Another day in America, and our first Constitution Day has come and gone. “What’s that?” you ask. Don’t be surprised if, like most Americans, you never heard of it. We’re such a busy nation at the moment, fretting about gas prices between bouts of Hurricane Katrina charity relief. Meanwhile, the Iraq war approaches sideline status.
Ushered into law last year thanks to Sen. Robert Byrd, D-W. Va., Constitution Day is the radical concept that we should honor our freedoms by way of study and reading. We already honor our freedoms in the admittedly vacuous ceremony of the Pledge of Allegiance, a rite our Founding Fathers neither wrote nor heard of. How sad would these same people feel after learning that today’s Americans barely recognize the document guaranteeing their freedoms?
According to a $1 million study sponsored by the John S. and James L. Knight Foundation and issued this January, half of U.S. high school students polled believe government should have the right to approve newspaper stories before they’re published. One-third of U.S. high school students believe the rights guaranteed by the First Amendment extend “too far.” A poll conducted by Harris Interactive and sponsored by the American Bar Association last month revealed that slightly more than half of adult Americans could correctly identify our three branches of government. Less than half could explain the concept of separation of powers. Given those numbers, just imagine how many Americans have even bothered reading The Federalist Papers. Madison, Hamilton and Jay must be weeping in their graves.
The fact that thousands of Iraqis have died and will continue dying while contingents in Baghdad attempt to forge a constitution ought to steel our resolve. In the United States, some people talk and act as if freedom is something that can appear instantaneously and magically, like a cake mix that requires water and a 40-minute bake. “Why can’t those darned Ay-rabs just get their act together so our boys can come home? Why can’t they fight those insurgents themselves? Don’t they care about freedom?”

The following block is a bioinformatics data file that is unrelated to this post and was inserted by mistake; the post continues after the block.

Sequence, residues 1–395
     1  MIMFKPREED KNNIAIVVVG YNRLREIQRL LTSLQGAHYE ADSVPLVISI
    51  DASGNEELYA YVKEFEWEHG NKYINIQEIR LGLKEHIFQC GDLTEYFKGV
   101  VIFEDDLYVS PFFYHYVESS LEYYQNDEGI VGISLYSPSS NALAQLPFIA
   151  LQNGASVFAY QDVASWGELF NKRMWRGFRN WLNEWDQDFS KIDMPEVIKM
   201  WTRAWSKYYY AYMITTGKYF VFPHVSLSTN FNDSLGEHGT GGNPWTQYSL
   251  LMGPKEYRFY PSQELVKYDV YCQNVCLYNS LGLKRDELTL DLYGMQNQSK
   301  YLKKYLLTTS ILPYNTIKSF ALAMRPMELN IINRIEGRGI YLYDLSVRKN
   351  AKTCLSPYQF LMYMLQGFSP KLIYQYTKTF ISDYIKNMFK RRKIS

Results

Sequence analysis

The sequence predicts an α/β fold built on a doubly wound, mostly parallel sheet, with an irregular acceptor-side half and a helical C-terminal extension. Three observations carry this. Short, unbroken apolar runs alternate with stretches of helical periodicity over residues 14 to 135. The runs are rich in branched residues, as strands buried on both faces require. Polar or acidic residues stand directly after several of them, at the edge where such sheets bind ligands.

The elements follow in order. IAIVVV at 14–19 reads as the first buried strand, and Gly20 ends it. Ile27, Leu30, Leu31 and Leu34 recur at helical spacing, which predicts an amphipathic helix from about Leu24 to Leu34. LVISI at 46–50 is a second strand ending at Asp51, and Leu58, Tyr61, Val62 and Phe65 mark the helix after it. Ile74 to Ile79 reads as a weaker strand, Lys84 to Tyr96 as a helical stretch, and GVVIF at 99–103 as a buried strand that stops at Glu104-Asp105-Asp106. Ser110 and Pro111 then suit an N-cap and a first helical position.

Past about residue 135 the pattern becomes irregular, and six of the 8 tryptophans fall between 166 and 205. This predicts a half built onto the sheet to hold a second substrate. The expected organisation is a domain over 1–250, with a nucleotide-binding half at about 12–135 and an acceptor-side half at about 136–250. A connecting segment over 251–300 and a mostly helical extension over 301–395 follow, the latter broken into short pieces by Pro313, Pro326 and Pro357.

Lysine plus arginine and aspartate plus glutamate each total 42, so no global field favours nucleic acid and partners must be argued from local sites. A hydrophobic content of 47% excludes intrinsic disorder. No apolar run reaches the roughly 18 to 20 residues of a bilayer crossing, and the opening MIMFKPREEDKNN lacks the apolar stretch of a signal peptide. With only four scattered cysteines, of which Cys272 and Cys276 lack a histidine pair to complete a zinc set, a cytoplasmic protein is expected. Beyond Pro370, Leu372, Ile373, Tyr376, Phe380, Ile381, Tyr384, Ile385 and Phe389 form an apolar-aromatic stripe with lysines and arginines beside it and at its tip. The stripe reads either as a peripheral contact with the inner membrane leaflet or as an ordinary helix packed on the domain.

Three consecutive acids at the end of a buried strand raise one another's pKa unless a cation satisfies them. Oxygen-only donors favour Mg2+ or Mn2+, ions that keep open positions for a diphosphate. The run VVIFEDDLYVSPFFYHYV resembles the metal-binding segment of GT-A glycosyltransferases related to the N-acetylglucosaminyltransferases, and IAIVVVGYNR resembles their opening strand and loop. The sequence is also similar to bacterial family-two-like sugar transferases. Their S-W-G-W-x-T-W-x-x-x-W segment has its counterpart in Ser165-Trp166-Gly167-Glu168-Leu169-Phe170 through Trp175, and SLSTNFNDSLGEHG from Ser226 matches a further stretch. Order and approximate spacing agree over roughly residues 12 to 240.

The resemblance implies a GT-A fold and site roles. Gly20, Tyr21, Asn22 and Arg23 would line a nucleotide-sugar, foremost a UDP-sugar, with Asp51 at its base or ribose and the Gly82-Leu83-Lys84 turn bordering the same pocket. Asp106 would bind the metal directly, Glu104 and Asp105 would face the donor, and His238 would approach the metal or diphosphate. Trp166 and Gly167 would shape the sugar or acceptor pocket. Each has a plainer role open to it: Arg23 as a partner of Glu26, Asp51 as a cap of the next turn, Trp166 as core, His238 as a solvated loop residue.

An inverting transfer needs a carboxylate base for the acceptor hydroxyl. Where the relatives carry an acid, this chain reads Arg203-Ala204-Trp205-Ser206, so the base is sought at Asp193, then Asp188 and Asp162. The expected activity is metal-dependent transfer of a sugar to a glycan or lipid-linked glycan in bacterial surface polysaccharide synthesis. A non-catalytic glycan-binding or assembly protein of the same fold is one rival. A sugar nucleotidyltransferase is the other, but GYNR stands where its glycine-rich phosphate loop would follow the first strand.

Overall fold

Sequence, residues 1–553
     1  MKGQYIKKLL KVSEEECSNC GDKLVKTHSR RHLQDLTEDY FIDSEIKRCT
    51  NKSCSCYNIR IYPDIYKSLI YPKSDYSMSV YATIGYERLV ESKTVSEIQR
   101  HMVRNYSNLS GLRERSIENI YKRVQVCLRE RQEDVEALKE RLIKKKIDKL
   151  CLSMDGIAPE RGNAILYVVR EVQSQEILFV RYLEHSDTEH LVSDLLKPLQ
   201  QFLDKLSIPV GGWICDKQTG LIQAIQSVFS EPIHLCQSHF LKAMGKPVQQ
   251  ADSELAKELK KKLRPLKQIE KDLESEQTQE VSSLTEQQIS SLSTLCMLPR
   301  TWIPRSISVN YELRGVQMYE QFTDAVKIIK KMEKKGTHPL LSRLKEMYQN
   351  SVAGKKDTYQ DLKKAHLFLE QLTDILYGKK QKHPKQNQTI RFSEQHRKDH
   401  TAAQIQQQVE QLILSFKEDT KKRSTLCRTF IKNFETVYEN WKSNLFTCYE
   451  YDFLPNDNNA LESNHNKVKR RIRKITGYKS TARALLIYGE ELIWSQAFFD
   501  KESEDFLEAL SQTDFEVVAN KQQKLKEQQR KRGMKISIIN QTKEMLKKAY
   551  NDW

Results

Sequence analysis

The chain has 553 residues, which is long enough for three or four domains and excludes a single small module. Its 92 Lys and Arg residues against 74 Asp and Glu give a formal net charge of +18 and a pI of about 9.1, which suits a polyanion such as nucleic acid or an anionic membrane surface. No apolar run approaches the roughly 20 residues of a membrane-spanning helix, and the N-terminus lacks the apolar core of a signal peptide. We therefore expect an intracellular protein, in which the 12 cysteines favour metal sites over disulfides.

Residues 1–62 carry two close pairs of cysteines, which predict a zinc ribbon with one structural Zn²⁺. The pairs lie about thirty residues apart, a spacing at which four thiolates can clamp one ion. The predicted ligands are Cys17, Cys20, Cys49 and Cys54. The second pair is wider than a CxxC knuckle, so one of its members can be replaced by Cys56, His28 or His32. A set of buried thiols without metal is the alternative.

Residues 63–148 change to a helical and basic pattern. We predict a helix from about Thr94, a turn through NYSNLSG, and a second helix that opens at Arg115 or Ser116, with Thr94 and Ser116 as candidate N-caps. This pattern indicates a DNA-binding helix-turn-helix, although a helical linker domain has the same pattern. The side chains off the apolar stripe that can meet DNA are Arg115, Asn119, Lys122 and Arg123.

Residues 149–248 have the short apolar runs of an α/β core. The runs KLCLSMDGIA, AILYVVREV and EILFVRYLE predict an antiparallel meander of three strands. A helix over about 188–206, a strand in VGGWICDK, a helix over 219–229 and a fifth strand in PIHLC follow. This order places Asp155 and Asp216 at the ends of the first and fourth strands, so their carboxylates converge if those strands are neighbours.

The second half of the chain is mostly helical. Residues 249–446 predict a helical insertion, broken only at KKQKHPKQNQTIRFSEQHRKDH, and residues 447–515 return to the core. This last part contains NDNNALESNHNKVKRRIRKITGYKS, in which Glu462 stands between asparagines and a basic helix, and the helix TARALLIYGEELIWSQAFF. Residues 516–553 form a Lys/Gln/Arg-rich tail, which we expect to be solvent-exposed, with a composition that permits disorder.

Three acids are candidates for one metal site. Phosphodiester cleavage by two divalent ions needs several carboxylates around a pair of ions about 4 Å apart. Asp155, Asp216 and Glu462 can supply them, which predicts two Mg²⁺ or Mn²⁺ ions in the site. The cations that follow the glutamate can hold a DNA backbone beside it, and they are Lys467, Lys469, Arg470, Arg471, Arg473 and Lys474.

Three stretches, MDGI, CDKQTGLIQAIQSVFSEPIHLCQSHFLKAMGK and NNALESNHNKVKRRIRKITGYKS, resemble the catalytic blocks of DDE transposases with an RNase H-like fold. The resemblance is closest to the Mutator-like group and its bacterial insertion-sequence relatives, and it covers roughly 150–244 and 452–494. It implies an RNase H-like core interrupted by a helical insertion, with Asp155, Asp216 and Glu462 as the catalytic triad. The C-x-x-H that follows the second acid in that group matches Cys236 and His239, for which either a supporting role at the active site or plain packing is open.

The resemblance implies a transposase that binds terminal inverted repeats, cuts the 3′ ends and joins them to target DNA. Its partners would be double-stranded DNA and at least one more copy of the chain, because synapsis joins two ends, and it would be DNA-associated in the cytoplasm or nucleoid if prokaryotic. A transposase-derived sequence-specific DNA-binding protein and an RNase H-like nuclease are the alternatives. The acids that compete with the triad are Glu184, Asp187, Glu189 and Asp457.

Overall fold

Those on the right love nothing more than describing our freedoms as “God-given.” And as long as “under God” is preserved in the Pledge, the right isn’t bothered that our students fail basic civics. When the right describes our freedoms as “God-given,” they ignore the centuries of ideas and struggles that made freedom a reality: the distinguished concepts behind Greek and Roman government; the Magna Carta of 1215 and the Magna Carta of 1297; the philosophical ideas of Locke, Burke and Hume. As a nation, we waited a full 11 years and engaged in a disastrous experiment called the Articles of Confederation before setting down to form our own Constitution. France had its Declaration of the Rights of Man and the Citizen one year before we had a Bill of Rights. American women haven’t enjoyed even one full century of suffrage. African-Americans have yet to celebrate 50 years of voting rights. Yet here we sit, chiding the Iraqis as backward incompetents. Don’t they know that democracy’s as easy as acknowledging God?
So it is that Flag Day and Independence Day will always be bigger than Constitution Day. After all, who need remember Sept. 17, 1787, when we’ve got July 4, 1776, and Old Glory? As for our Constitution, who will protest when it’s nothing but a paper tiger, and spelled with a lower-case “câ€?